My Work with Tripwire
I wrote the original version of Tripwire when I was an undergraduate student at Purdue University in 1992, when I was doing an independent study project with the famous Dr. Gene Spafford. One of the most unexpected outcomes is that it rapidly became one of the most widely used intrusion-detection tools for Unix. So in 1998, I co-founded Tripwire, Inc. with W. Wyatt Starnes, and have served as CTO ever since. That’s right. I’ve been at Tripwire for 13 years. I think the best history of Tripwire is in the video below. It was a 15 minute presentation I gave to the entire company in January 2010 during our Sales Kickoff Meeting. In this video, I share ten things you may not know about the story behind Tripwire:
Top things you may not know about Tripwire
1.Before I went to Purdue University, I was in high school, working part-time as a UNIX system administrator and file system QA engineer at Prisma Supercomputers (acquired by Sun Microsystems in 1988). It was there when I got to watch first-hand the impact of the famous Internet Morris Worm, which was released on November 2, 1988. This malicious code took down over 10% of the servers connected to the Internet: luckily, there were only 30K servers that that time.
2.One of the main reasons I decided go to Purdue University was reading the famous and canonical paper that Dr. Gene Spafford wrote on the Morris Worm. He was one of people who actively studied, analyzed and designed counter-measures to prevent its spread, days after it was released.
3.We released Tripwire as an open source intrusion detection tool, designed to detect when changes occur to UNIX systems, regardless of whether it was malicious or accidental, and then help enable their recovery. We released it on November 2, 1992, on the four year anniversary of the Morris Worm.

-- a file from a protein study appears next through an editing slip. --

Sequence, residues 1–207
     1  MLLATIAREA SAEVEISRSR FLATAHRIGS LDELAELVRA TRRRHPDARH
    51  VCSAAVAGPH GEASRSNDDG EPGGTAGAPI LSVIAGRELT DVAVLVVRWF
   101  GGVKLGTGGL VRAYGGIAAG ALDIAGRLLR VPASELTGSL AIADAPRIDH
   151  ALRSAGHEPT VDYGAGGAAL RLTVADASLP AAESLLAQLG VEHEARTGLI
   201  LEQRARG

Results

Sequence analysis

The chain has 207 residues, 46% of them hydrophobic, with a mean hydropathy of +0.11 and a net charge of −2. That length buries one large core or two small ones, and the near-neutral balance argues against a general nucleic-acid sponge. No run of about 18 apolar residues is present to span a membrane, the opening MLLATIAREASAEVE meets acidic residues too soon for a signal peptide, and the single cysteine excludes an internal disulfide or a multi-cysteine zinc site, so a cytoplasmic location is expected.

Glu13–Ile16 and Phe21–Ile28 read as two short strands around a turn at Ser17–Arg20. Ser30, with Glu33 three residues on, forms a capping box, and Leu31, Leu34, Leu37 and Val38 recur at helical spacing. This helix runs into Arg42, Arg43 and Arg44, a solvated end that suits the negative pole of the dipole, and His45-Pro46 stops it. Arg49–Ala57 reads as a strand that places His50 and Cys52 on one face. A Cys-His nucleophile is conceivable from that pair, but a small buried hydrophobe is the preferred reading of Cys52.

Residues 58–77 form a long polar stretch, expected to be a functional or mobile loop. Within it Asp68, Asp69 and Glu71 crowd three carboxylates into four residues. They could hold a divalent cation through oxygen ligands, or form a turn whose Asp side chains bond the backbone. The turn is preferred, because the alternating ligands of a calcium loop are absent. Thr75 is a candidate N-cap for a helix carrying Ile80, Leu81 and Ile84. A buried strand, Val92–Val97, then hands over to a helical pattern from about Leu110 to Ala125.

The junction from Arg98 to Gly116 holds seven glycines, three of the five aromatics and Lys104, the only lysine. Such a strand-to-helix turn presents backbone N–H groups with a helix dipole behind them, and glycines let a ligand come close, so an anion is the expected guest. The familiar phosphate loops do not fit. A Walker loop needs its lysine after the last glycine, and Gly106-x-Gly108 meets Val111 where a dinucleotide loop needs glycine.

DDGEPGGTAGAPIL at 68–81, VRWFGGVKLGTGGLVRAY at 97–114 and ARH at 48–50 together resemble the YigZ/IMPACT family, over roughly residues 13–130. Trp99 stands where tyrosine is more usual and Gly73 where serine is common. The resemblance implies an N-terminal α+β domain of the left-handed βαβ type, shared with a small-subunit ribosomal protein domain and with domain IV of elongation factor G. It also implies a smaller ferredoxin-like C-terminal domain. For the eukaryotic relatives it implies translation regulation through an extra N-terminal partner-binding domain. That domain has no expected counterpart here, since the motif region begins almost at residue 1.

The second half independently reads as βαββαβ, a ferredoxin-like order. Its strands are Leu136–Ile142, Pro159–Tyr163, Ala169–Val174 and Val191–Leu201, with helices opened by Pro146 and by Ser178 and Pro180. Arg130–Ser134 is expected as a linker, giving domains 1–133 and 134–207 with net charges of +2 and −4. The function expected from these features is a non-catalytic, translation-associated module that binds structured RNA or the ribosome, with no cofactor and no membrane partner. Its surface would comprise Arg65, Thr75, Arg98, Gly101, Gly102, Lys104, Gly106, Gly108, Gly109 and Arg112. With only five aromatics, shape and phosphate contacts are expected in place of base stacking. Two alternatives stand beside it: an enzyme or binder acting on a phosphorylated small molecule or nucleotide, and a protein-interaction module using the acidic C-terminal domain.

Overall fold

4.I got two “incompletes” from Spaf on this independent study course. I always managed to find lots of interesting things to work on at Purdue. One of which got me fired from the Purdue University Computing Center, where I was working half-time.
5.As I mentioned before, Tripwire rapidly became one of the most widely used security tools for UNIX, downloaded millions of times. Because the primary distribution mechanism was comp.sources.unix and FTP, it required a lot of work and determination to download things.
6.The first royalty check I received was for a couple hundred dollars, sent from the Purdue Research Foundation. I had no idea who was paying the royalties. After some digging, it turns out that it was a guy named Allen Lum, who was doing financial reporting audits for Ernst and Young in New York.
He had downloaded Tripwire, and was using it at the conclusion of their audit work at clients. He would make a snapshot of critical financial reporting applications and systems, so that when they came back next year, he could see all changes made that could affect the integrity and correct functioning of those systems.
I wouldn’t fully appreciate how important this application of Tripwire was for many more years. But practices like this would becomes required to comply with the Sarbanes-Oxley Act of 2002 (SOX-404).
Allen eventually became an executive director at E&Y before retiring.
7.About the same time, the Internet e-commerce boom was fully underway, with online use of credit cards soaring. To prevent and detect online theft of cardholder data, Visa started the Cardholder Information Security Program, which contained 12 required sets of security controls that all merchants and processors were required to comply with. Sound familiar? Yes, Visa CISP is the basis of the famous Payment Card Industry Data Security Standard (PCI DSS).
That during the same period of time when Internet Security Systems went public (founded by Chris Klaus), as well as the famous Pets.com Superbowl ad, Homegrocer.com, and many other examples of how companies needed lots of money back then.
(By the way, I marvel at how little capital is required to built great software companies these days.)